When producing oil wells, it is a common practice to pump water downhole in order to force the oil out of a formation.

Other oil producing processes require large quantities of water to be utilized, with the result of contamination of the water with oil particles and other chemicals utilized in the process and impossibility of disposing of it by simply returning it to the land formation or by draining it back into the sea in applications at offshore platforms.

Still other processes relating to the oil and gas industry and also many other industries such as the Chemical and Petro-Chemical Industries produce contaminants which are removed from a liquid stream by filtration. Many of these contaminants are considered to be "hazardous wastes" and must be rendered to a dry form for proper disposal. Therefore, it is necessary that these contaminants be discharged from the filter as "dry cake" and not in the form of a slurry wet cake as when backflushing with a fluid. Dry cake discharge requires complete removal of the liquid from the filter interior.

To overcome the problem and withdraw contaminants from the used water, various filtration methods have been used. One of the methods involves the use of a layer of filter media, which normally comprises diatomaceous earth or perlite. An example of such method is disclosed in U.S. Pat. No. 4,704,210 issued on Nov. 3, 1987 and entitled "Process and Apparatus for Filtering Fluids".

The apparatus and method of that patent utilizes a precoat filtration method, wherein a precoat layer is formed on the filter elements and the fluid to be filtered enters the vessel and exits through the filter elements, passing through the filter aid cake deposited on the exterior of the filter elements. It has been observed that as the filtration process continues, "bridging" of the cake deposited on the exterior of the filter elements may occur. In this case, the cake surrounding individual elements within a filter vessel becomes so thick, that it joins the cake which has formed on the exterior of an adjacent filter element.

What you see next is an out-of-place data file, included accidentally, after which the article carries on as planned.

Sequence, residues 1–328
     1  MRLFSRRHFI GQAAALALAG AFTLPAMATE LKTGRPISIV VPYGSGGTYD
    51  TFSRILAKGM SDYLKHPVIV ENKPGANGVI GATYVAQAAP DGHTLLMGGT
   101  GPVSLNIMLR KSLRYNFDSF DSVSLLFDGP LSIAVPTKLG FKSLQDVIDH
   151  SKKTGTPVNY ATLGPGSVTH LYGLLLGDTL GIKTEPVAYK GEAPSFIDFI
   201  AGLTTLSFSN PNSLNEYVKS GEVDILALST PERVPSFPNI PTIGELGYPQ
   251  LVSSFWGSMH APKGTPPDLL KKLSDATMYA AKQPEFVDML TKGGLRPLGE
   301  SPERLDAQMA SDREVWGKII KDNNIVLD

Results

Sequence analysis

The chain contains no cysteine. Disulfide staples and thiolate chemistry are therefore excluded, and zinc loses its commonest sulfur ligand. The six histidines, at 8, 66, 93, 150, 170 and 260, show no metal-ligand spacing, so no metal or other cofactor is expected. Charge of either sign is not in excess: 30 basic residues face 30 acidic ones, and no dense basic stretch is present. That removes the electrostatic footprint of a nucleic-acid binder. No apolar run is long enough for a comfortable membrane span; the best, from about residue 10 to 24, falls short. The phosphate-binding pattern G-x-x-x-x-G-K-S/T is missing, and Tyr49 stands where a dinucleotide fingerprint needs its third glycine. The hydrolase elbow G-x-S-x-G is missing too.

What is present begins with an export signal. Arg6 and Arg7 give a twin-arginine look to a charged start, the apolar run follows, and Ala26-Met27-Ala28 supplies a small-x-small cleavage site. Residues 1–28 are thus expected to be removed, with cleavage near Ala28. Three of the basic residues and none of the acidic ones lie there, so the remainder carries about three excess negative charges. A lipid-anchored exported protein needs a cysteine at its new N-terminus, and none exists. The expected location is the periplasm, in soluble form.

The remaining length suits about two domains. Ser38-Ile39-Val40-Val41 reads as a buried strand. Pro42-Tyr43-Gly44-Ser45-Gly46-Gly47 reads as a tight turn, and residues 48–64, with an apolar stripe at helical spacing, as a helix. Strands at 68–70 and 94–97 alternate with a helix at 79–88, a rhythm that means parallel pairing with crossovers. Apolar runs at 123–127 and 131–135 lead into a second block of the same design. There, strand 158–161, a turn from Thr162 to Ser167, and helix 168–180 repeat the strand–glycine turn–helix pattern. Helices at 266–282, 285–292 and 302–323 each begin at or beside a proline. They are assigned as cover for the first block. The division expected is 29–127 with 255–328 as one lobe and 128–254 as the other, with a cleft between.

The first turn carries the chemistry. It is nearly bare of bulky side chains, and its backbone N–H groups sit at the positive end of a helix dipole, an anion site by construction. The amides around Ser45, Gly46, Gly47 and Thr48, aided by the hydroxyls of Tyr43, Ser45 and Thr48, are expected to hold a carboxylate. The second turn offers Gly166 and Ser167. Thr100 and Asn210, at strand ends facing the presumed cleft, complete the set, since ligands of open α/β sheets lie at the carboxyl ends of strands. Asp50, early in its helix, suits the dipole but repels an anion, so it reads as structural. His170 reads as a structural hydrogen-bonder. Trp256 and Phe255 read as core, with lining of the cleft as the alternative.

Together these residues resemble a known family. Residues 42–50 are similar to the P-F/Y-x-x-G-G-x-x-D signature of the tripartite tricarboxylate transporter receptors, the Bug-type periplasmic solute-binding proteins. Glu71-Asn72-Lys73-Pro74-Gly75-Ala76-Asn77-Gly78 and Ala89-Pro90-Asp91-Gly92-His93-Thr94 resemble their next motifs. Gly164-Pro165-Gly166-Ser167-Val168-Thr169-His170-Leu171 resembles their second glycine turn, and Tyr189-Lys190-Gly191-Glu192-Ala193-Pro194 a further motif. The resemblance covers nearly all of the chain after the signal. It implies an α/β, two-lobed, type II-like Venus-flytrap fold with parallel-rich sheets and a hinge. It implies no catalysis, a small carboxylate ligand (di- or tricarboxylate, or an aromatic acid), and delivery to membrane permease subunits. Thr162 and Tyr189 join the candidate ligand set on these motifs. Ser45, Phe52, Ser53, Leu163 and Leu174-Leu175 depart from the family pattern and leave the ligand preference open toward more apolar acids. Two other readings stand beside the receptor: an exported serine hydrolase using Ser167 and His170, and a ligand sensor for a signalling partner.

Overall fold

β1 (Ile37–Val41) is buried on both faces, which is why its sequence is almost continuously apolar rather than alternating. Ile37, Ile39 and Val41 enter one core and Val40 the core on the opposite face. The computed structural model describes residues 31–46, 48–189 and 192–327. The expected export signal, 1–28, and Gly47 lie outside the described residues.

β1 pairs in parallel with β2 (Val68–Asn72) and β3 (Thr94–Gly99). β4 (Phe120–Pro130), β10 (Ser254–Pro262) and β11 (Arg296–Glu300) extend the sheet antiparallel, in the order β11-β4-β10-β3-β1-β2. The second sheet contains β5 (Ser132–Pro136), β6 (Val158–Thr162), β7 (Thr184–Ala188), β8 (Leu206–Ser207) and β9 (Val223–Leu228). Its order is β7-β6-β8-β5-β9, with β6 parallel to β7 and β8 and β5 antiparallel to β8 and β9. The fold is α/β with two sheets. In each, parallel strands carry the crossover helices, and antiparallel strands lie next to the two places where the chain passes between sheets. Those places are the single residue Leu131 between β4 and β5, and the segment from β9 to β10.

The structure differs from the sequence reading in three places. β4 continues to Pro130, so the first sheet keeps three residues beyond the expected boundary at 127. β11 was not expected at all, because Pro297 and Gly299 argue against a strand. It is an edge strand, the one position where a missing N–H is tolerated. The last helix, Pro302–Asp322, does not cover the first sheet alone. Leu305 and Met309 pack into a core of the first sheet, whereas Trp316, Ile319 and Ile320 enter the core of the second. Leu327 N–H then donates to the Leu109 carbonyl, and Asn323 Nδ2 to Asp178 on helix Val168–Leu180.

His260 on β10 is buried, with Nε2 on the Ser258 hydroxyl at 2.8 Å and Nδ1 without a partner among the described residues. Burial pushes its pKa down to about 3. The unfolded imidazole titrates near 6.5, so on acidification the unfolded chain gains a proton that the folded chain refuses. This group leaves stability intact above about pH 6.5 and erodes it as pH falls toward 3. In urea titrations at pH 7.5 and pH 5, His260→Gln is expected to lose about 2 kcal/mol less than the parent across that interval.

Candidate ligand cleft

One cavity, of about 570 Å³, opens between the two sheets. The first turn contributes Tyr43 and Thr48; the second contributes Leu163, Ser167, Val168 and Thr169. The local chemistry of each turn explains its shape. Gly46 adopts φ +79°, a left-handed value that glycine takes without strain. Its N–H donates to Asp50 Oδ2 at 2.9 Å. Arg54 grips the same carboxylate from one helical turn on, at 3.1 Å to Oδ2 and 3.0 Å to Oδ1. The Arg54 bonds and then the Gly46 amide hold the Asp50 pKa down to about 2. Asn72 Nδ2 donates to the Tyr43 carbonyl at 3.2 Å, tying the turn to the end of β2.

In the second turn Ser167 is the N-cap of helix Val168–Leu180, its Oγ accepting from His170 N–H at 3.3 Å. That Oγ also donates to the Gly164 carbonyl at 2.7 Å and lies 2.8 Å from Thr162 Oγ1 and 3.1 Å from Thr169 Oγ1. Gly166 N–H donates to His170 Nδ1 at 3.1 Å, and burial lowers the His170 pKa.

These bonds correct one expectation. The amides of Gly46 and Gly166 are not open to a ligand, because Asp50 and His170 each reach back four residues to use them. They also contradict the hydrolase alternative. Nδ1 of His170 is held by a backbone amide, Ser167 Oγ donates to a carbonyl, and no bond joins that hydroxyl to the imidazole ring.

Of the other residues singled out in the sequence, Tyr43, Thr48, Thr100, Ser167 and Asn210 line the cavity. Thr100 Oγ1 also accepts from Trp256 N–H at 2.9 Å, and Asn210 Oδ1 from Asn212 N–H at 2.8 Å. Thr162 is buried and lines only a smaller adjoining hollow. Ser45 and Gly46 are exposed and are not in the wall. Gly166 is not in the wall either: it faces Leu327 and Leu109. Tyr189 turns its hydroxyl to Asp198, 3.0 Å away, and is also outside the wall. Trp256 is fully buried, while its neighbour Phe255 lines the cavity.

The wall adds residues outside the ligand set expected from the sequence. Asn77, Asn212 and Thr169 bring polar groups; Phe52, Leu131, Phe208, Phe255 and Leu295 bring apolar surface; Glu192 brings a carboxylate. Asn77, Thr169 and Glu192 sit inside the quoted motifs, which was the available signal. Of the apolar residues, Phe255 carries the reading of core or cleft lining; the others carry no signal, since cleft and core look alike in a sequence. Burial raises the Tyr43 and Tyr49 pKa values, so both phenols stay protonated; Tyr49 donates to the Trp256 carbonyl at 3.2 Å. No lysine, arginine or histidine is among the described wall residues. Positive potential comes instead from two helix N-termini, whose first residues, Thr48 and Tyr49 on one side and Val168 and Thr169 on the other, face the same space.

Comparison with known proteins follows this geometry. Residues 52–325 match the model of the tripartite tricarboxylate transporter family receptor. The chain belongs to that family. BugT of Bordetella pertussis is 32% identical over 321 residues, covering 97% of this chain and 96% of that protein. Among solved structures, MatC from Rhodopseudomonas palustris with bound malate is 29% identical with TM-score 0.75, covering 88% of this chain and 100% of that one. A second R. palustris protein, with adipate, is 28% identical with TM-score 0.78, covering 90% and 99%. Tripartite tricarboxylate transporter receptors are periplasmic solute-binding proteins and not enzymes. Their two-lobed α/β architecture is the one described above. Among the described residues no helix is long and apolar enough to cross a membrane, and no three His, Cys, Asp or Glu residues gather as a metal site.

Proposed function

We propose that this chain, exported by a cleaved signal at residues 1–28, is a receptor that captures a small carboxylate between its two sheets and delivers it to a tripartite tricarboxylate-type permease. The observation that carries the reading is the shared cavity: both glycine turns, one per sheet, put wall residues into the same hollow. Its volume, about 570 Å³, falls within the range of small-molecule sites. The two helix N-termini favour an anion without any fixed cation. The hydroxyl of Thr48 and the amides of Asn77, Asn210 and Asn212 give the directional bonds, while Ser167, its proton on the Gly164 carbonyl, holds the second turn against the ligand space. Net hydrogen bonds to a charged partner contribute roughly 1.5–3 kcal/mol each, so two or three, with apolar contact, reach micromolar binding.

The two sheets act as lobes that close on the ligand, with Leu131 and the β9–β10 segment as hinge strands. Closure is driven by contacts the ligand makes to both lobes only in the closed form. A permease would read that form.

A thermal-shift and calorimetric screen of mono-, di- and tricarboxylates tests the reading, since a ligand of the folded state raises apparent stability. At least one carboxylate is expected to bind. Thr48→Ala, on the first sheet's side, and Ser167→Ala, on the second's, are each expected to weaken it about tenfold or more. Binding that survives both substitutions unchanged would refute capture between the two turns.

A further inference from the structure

When such bridging occurs, large forces are generated across the filter elements which cause element distortion or bending. Any lateral distortion of a spiral wedge-wire filter element causes the wire spacing to increase on one side, thus permitting filter cake material to exit the filter and be present in the filtrate outlet. Fracture of the elements by bridging is also possible. With other type of filter elements, wherein a plurality of apertures are formed in the body of the filter element, or other type of filter elements, the damage may demonstrate itself in breakage of the element.

Another undesirable effect has been noted, wherein one of the filter elements, for any reason, becomes damaged, and the filtrate exiting the filter element contains undesirable contaminants and solid particles which under normal circumstances are filtered out by the filter element. Once a suspended solid leakage is detected at the outlet, it is a usual practice to discontinue filtering process and check oil filter elements within the filtration vessel for leakage. This requires time and labor and adversely effects productivity of a particular filtration vessel.

Still, a further problem has been recognized, wherein during a dry cake discharge process, a certain amount of liquid is left in the filtration vessel, when pressurized air introduced into the filtration vessel forces the water remained in the filtration vessel outside of the vessel through the filter element but has no sufficient strength to force entire quantity of water from the vessel. A certain amount of water or liquid is left in the vessel within the lower portion of the filtration element, such that at least part of the coating on the filter element remains saturated with liquid and cannot be disposed of with dry cake discharge method and also this fluid mixes with the dried cake during cake discharge. If the air flow is interrupted, the cake deposited on the exterior of the lower portion of the filter element simply falls under gravity to the bottom of the vessel and cannot be properly dried prior to discharge.